FDA Approves First Medication for Pediatric PAH, Bosentan

Troy Brown, RN


September 07, 2017

The US Food and Drug Administration (FDA) has approved bosentan (Tracleer, Actelion Pharmaceuticals US Inc) for children aged 3 years and older with idiopathic or congenital pulmonary arterial hypertension (PAH). This is the first FDA-approved medication for children with PAH.

The drug will be available in a new 32-mg tablet that is scored to allow weight-based dose adjustment for younger patients. It can be dispersed in a teaspoon of water before being given orally. Bosentan is expected to improve exercise ability by improving pulmonary vascular resistance.

The FDA approved bosentan for pulmonary arterial hypertension in November 2001.

"Actelion has focused on the needs of the PAH community since Tracleer, our first treatment for PAH, was approved in 2001," Gary Palmer, MD, MBA, senior vice president, medical, Actelion Pharmaceuticals, said in a company news release. "We're pleased our portfolio of treatments continues to grow and pediatric PAH patients will now have an FDA-approved treatment option available."

Bosentan is an endothelin receptor antagonist indicated for the treatment of adults with PAH (World Health Organization [WHO] group 1) to improve exercise ability and reduce clinical worsening. Endothelin occurs naturally in the body and is involved in blood circulation; too much of the chemical can tighten the blood vessels, reducing blood flow and making the heart work less effectively.

Bosentan blocks the effects of excess endothelin produced in patients with PAH.

Clinical trials that demonstrated effectiveness included primarily those with WHO functional class II to IV symptoms and causes of idiopathic or heritable PAH (60%), PAH associated with connective tissue disorders (21%), and PAH associated with congenital heart disease and left-to-right shunting (18%).

In addition to the existing 62.5- and 125-mg dosages for adults, the 32-mg tablets are expected to be available by the fourth quarter of 2017.

Adverse Events, Boxed Warning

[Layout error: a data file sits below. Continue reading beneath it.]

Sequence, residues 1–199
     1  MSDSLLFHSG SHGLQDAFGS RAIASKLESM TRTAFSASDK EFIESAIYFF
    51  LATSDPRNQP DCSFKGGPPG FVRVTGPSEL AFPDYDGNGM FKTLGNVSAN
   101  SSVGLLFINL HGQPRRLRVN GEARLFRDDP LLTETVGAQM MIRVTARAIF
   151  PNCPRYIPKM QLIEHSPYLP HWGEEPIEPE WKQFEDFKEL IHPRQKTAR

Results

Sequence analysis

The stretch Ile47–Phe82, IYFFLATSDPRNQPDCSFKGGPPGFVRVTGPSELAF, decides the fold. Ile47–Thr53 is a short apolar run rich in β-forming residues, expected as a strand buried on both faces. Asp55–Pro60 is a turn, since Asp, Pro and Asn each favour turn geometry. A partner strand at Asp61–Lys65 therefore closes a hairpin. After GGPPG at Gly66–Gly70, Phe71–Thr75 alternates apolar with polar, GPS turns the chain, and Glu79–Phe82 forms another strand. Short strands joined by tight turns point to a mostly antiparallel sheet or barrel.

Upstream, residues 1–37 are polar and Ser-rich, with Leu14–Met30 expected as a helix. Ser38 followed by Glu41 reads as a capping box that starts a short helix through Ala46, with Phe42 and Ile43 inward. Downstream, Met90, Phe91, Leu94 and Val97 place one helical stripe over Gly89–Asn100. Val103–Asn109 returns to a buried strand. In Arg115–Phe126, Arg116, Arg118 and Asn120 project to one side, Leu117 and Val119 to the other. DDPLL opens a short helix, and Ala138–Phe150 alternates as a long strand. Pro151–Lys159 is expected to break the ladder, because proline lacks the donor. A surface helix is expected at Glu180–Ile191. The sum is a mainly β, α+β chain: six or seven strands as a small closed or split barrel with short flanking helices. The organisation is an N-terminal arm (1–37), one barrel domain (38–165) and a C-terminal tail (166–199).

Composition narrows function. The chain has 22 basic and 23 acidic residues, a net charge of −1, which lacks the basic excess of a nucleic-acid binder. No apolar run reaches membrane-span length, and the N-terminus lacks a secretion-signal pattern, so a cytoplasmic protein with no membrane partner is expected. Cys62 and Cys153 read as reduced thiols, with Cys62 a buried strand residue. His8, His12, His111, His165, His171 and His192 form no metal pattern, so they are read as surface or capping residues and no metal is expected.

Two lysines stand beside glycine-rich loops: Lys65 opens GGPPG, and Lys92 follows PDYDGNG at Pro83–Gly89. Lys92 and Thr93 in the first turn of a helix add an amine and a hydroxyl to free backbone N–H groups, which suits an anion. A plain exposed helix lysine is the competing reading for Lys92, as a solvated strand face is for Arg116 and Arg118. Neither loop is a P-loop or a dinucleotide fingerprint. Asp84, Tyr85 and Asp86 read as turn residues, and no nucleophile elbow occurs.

Bosentan can cause hepatotoxicity and birth defects; therefore, it is available only through the Tracleer risk evaluation and mitigation strategy program. The program requires enrollment of prescribers, patients, and pharmacies.

Bosentan is contraindicated in women who are or who may become pregnant, with cyclosporine A, with glyburide, and in patients with hypersensitivity to bosentan or any component of Tracleer. Drug reaction with eosinophilia and systemic symptoms, anaphylaxis, rash, and angioedema have been observed in patients taking bosentan.

In clinical trials, elevated aspartate aminotransferase (AST) and alanine aminotransferase (ALT) (more than 3 times the upper limit of normal [ULN]) were seen in 11% of those treated with bosentan, along with elevated bilirubin in a few patients. In a pooled analysis of studies conducted in pediatric patients with PAH, 2% of patients experienced elevations in liver aminotransferases at least 3 times ULN.  Patients should have aminotransferase levels measured before beginning treatment and monthly thereafter. The drug should not be used in patients with moderate or severe liver impairment or elevated ALT/AST more than 3 times ULN before beginning treatment.

The most common adverse events occurring more often in patients taking bosentan compared with placebo were respiratory tract infection (22% vs 17%), headache (15% vs 14%), edema (11% vs 9%), chest pain (5% vs 5%), syncope (5% vs 4%), flushing (4% vs 3%), hypotension (4% vs 2%), sinusitis (4% vs 2%), arthralgia (4% vs 2%), abnormal serum aminotransferases (4% vs 2%), heart palpitations (4% vs 2%), and anemia (3% vs 0%).

Patients should be monitored closely for clinically significant fluid retention, which could indicate underlying heart failure. Patients with signs of pulmonary edema may have associated pulmonary veno-occlusive disease and may need to discontinue bosentan.

Patients can experience a dose-related drop in hemoglobin and hematocrit; therefore, hemoglobin should be measured after 1 and 3 months and every 3 months thereafter. The cause and need for specific treatment should be determined in patients whose hemoglobin decreases markedly.

For more news, join us on Facebook and Twitter


Comments on Medscape are moderated and should be professional in tone and on topic. You must declare any conflicts of interest related to your comments and responses. Please see our Commenting Guide for further information. We reserve the right to remove posts at our sole discretion.
Post as: